When He had called the multitude to Himself, He said to them, “Hear and understand: Not what goes into the mouth defiles a man; but what comes out of the mouth, this defiles a man.” Then His disciples came and said to Him, “Do You know that the Pharisees were offended when they heard this saying?” But He answered and said, “Every plant which My heavenly Father has not planted will be uprooted. Let them alone. They are blind leaders of the blind. And if the blind leads the blind, both will fall into a ditch. Then Peter answered and said to Him, “Explain this parable to us.” So Jesus said, “Are you also still without understanding? Do you not yet understand that whatever enters the mouth goes into the stomach and is eliminated? But those things which proceed out of the mouth come from the heart, and they defile a man. For out of the heart proceed evil thoughts, murders, adulteries, fornications, thefts, false witness, blasphemies. These are the things which defile a man, but to eat with unwashed hands does not defile a man.” Matthew 15:10-20
Whenever I read this Word of God, I can’t help but shake my head at the striking example of hypocrisy. The words, often included in our Lenten Passion History readings, are found in the 18th Chapter of John’s Gospel, and tell us: “Then they (i.e. Caiaphas, and a midnight gathering of some of the members of the Sanhedrin) led Jesus from Caiaphas to the Praetorium, and it was early morning. But they themselves did not go into the Praetorium, lest they should be defiled, but that they might eat the Passover.”
Caiaphas and his cronies refused to set foot in the Praetorium…lest they be rendered unclean. This after convening a portion of the Sanhedrin in the middle of the night to condemn an innocent man on trumped-up charges!
When their false witnesses couldn’t agree, Caiaphas asked Jesus a self-incriminating question (Luke 22:70) — “Are You then the Son of God?”
Jesus didn’t “plead the fifth” but answered plainly and truthfully (Luke 22:70), “You rightly say that I am.”
We will get into the reason why Jesus answered as He did in a moment… but first let’s consider the words of Jesus recorded in Matthew 15:10-20 (Please READ!).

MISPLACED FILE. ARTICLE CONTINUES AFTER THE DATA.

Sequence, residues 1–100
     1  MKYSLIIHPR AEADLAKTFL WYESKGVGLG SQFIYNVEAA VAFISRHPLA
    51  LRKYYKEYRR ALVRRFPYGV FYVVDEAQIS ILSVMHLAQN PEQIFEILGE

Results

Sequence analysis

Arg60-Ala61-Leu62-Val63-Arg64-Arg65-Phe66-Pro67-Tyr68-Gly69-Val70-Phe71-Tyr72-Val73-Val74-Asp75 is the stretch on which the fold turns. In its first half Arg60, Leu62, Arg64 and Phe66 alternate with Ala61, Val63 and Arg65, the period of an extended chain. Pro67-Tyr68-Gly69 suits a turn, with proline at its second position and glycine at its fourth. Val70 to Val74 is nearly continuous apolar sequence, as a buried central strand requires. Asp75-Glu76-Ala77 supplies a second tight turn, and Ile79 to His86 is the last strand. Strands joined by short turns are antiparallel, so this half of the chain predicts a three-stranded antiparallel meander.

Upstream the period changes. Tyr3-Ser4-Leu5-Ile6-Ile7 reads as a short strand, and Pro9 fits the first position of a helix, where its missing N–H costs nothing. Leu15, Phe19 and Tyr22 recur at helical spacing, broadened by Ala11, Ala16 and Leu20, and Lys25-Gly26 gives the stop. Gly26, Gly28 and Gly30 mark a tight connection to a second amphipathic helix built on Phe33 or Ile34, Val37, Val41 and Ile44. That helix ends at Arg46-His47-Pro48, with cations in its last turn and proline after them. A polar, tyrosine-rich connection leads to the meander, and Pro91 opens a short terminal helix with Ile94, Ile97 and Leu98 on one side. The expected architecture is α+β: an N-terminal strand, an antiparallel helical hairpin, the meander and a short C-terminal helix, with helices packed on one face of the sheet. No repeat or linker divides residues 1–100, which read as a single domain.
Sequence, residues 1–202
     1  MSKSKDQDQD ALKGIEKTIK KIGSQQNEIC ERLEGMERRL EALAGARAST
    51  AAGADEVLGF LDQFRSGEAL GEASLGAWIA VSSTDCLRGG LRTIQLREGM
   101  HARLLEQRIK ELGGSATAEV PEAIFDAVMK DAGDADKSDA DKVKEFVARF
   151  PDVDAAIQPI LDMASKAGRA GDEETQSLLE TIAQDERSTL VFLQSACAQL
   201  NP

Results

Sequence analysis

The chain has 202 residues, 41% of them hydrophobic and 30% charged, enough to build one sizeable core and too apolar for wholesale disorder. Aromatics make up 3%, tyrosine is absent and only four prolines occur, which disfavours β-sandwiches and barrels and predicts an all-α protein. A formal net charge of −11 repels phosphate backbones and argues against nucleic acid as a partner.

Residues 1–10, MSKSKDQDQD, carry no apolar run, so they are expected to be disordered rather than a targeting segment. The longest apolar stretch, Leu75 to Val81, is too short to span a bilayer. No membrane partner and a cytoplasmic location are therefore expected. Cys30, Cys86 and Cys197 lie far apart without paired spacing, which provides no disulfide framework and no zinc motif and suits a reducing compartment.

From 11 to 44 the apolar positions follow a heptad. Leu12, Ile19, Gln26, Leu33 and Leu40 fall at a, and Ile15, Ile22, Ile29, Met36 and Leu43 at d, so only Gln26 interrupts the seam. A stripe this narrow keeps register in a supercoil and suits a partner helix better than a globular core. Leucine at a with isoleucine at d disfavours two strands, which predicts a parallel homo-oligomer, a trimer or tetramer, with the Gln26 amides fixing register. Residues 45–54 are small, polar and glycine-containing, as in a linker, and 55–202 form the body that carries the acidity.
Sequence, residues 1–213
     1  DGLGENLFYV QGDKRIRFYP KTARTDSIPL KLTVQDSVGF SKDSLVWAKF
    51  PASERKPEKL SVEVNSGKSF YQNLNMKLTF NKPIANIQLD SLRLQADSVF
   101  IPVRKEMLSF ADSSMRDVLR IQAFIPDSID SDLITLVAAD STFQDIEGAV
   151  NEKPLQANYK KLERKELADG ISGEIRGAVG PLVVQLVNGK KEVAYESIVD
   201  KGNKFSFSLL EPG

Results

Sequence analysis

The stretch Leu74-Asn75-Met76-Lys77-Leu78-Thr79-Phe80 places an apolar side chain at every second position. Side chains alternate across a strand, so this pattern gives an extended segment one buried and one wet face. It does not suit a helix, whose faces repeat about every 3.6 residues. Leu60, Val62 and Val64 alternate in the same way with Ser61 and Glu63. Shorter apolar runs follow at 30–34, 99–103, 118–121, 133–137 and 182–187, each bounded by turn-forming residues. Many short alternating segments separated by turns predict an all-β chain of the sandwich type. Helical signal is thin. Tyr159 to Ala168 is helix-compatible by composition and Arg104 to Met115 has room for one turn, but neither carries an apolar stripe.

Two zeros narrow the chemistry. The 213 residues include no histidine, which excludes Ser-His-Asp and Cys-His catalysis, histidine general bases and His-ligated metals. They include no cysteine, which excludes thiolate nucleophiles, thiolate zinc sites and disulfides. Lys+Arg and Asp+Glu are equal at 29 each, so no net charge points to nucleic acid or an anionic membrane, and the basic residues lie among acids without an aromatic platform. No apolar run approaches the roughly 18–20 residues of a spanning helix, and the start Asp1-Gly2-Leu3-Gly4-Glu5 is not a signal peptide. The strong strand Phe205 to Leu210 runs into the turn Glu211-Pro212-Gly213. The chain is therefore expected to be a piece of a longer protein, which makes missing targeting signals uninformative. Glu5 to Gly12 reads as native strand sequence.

When I was a child, I was told: “You are what you eat.” But, of course, the statement is not literally true.Moreover, Jesus tells us that what makes us unclean in God’s sight is neither what we eat nor is it eating with unwashed hands. What’s already inside a person is what makes one unclean before God. Since each of us is born of two sinful human beings, we are born with a sinful nature. Our corrupt nature reveals itself daily in all manner of sinful thoughts, words, and deeds—such as “evil thoughts, murders, adulteries, fornications, thefts, false witness, blasphemies.”
So when an unbalanced man goes into a McDonald’s Restaurant and starts shooting people, folks immediately begin asking: “How could this happen? Why would someone do such a thing?” Jesus answered that question a long time ago when He said that these things proceed “out of the heart….”
People will also ask, “How could God let such a thing happen?” The answer is that God is not the origin of evil, but such evil finds its origins in the sinful, corrupt, self-centered nature of human beings.
Why did Herod have the children of Bethlehem killed?
Why were Caiaphas and the religious leaders willing to condemn and kill an innocent man?
Why did Pontius Pilate send a man he knew was innocent to be crucified?
Why do we willfully put ourselves in positions where we are tempted to sin?
Why do we say hurtful things to our spouses?
The answer is that we are corrupt, rotten, and sinful within. We live in a corrupt world and are surrounded by sinful human beings.
Now I’d like to get back to the questions asked earlier. Why didn’t Jesus “plead the fifth”? Why did Jesus answer the High Priest’s question (“Are you the Son of God?”) when He knew that His answer would be considered blasphemy?
It was Jesus’ incredible love for sinners…among whom we are numbered.
It was divine grace and love on the part of Jesus (and the Father!) that led Him to take our sin and guilt upon Himself and suffer and die to atone for every misdeed.
He did it that we might be cleansed of sin…by faith in Him.
He did it so that when we die and are finally separated from our corrupt sinful nature, we might go to be with the Lord, ultimately enjoying an existence with Him apart from sin, death, sorrow, and crying (see Revelation 21:4).
We Christians still have unclean thoughts. Sins of word and deed still show up in our lives because we have corrupt natures. Rather than minimizing such things, let’s confess them and seek cleansing in the blood of Jesus who loved us and gave Himself for us.
We are rotten sinners…with corrupt natures…who stand forgiven in the blood (1 John 1:7) of the crucified and risen Savior, Jesus Christ!